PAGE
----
AjaxListener has three methods that are intended to be overridden by the test. endAjax, errorAjax, and startAjax. endAjax is called when the browser successfully completes an Ajax transaction (Ajax Response code 4). errorAjax is called when an Ajax transaction terminates abnormally. startAjax is called when code within the browser calls send on an XmlHttpRequest instance, but before the browser actually makes the network connection. All three of the methods are passed a Map that contains information about the request. The contents of the map differ depending on which of the three methods is overridden.

For startAjax

The map will contain the following keys and values:

headers
a java.util.Map of all the request headers.
method
the request method for this event.
readyState
a String of the numerical value of the XMLHTTPRequest readyState
For endAjax and errorAjax

The map will contain the following keys and values:

method
the request method for this event.
responseXML
a org.w3c.dom.Document instance of the response XML.
responseText
a String instance of the response Text.
status
the response status string from the server, such as "200 OK".
headers
a java.util.Map of all the response headers.
method
the request method for this event.
readyState
a String of the numerical value of the XMLHTTPRequest readyState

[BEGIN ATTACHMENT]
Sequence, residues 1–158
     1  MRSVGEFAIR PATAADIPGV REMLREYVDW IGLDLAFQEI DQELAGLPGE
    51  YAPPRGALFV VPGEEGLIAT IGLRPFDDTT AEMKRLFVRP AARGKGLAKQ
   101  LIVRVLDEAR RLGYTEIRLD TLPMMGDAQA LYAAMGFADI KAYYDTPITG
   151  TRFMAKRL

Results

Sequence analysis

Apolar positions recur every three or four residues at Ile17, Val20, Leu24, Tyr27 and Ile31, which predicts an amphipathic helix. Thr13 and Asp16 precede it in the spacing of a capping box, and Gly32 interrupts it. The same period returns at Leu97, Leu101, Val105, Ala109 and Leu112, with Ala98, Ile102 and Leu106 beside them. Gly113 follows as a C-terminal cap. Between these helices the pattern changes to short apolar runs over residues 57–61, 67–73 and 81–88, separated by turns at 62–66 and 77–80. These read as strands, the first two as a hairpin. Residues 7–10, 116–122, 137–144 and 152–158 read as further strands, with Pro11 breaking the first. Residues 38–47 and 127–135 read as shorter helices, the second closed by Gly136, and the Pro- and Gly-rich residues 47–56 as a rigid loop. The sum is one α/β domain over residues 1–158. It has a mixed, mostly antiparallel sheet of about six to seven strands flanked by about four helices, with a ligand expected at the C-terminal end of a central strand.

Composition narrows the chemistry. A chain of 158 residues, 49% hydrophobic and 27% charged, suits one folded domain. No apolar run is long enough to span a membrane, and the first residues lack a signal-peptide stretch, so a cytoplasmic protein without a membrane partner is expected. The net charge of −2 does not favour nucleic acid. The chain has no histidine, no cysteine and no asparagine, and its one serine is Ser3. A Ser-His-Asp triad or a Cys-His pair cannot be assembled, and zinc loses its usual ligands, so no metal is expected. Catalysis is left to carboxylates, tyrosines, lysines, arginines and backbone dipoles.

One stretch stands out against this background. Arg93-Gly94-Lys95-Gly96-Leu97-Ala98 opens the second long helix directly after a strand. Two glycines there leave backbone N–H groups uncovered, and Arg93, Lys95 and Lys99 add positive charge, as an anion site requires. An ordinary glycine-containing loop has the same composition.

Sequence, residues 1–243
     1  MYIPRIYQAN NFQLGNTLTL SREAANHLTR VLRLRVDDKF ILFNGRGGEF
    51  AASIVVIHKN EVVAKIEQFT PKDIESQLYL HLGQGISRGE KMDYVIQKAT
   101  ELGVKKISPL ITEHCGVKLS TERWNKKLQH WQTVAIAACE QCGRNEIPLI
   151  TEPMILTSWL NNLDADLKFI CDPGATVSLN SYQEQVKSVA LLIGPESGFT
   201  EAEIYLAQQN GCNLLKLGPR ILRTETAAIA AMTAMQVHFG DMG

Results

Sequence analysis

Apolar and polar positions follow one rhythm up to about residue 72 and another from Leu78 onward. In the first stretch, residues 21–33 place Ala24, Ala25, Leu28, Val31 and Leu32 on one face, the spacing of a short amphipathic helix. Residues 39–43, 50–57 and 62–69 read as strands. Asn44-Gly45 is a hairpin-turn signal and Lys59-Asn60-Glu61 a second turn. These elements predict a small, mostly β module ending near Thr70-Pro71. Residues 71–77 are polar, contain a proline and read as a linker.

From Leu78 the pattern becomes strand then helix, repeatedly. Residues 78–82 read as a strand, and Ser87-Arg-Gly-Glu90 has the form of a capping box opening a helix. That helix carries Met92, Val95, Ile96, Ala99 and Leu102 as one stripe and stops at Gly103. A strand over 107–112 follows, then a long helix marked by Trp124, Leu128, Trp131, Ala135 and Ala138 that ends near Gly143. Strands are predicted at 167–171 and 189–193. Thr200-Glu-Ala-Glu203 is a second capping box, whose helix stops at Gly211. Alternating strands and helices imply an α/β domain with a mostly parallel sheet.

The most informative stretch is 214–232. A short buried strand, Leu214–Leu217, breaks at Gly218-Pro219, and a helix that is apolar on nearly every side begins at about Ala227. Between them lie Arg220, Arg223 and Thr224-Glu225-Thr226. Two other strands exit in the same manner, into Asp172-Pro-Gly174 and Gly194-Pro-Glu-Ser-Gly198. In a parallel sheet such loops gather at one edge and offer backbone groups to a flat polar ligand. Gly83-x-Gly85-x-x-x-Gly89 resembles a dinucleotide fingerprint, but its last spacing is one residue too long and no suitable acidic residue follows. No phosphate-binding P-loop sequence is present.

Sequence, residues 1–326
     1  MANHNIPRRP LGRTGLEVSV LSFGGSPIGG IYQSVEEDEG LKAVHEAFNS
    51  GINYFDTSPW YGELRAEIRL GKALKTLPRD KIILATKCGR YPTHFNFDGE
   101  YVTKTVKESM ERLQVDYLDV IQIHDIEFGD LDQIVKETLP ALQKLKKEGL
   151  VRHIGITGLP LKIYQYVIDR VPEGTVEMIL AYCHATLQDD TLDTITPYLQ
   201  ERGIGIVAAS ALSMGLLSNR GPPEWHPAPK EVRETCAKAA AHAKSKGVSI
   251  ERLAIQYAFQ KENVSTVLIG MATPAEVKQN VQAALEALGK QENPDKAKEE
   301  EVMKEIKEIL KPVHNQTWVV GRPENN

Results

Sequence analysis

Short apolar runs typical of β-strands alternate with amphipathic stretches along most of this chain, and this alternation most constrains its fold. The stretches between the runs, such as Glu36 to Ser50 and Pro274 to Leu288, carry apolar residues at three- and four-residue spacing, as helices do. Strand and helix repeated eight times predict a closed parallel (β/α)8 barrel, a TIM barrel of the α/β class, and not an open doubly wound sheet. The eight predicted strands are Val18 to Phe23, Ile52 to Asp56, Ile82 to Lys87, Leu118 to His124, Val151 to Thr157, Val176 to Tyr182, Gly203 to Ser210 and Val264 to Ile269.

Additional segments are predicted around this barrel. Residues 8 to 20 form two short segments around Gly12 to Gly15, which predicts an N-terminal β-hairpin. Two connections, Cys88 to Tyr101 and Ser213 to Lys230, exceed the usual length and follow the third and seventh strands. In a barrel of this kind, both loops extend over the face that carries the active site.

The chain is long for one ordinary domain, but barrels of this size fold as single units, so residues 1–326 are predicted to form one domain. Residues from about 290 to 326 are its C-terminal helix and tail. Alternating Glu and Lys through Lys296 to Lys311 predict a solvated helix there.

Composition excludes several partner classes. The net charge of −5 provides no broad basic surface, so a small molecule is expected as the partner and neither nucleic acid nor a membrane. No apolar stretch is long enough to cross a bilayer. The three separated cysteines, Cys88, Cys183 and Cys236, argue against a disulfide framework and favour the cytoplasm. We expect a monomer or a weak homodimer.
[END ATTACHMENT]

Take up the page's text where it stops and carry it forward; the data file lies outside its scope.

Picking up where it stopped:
For all notification methods, the map will contain an entry under the key "URI" without the quotes. This will be the fully qualified URI for the event.

On line 6, we use a testcase specific enum, TestFeature that defines the bit assignments within the BitSet for different assertions we are testing. Line 6 flips the bit that says, "the ajax transaction did indeed end successfully". Line 8 flips the bit that says, "the MCP did give me a Map for this transaction". Line 15 says, "the responseText of the XmlHttpRequest is as expected. Lines 24 - 34 use the W3C DOM API to inspect the response XML and verify it is as expected. Line 44 flips the bit that says, "the readyState value is as expected". Line 46 flips the bit that says, "I'm done inspecting the ajax response". This will be important later.